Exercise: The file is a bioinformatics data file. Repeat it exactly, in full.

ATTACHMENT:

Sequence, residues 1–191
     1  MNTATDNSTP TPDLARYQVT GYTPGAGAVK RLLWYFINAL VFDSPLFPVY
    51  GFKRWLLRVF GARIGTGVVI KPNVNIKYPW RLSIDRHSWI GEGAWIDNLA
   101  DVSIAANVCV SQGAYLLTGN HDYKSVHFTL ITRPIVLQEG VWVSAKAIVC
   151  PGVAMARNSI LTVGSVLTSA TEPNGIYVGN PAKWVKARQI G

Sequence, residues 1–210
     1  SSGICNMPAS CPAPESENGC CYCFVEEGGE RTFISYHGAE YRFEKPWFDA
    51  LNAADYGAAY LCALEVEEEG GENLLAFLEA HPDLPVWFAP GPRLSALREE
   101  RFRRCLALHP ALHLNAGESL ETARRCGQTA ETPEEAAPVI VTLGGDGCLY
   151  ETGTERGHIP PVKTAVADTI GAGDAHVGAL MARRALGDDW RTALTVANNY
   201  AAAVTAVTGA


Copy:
Sequence, residues 1–191
     1  MNTATDNSTP TPDLARYQVT GYTPGAGAVK RLLWYFINAL VFDSPLFPVY
    51  GFKRWLLRVF GARIGTGVVI KPNVNIKYPW RLSIDRHSWI GEGAWIDNLA
   101  DVSIAANVCV SQGAYLLTGN HDYKSVHFTL ITRPIVLQEG VWVSAKAIVC
   151  PGVAMARNSI LTVGSVLTSA TEPNGIYVGN PAKWVKARQI G

Sequence, residues 1–210
     1  SSGICNMPAS CPAPESENGC CYCFVEEGGE RTFISYHGAE YRFEKPWFDA
    51  LNAADYGAAY LCALEVEEEG GENLLAFLEA HPDLPVWFAP GPRLSALREE
   101  RFRRCLALHP ALHLNAGESL ETARRCGQTA ETPEEAAPVI VTLGGDGCLY
   151  ETGTERGHIP PVKTAVADTI GAGDAHVGAL MARRALGDDW RTALTVANNY
   201  AAAVTAVTGA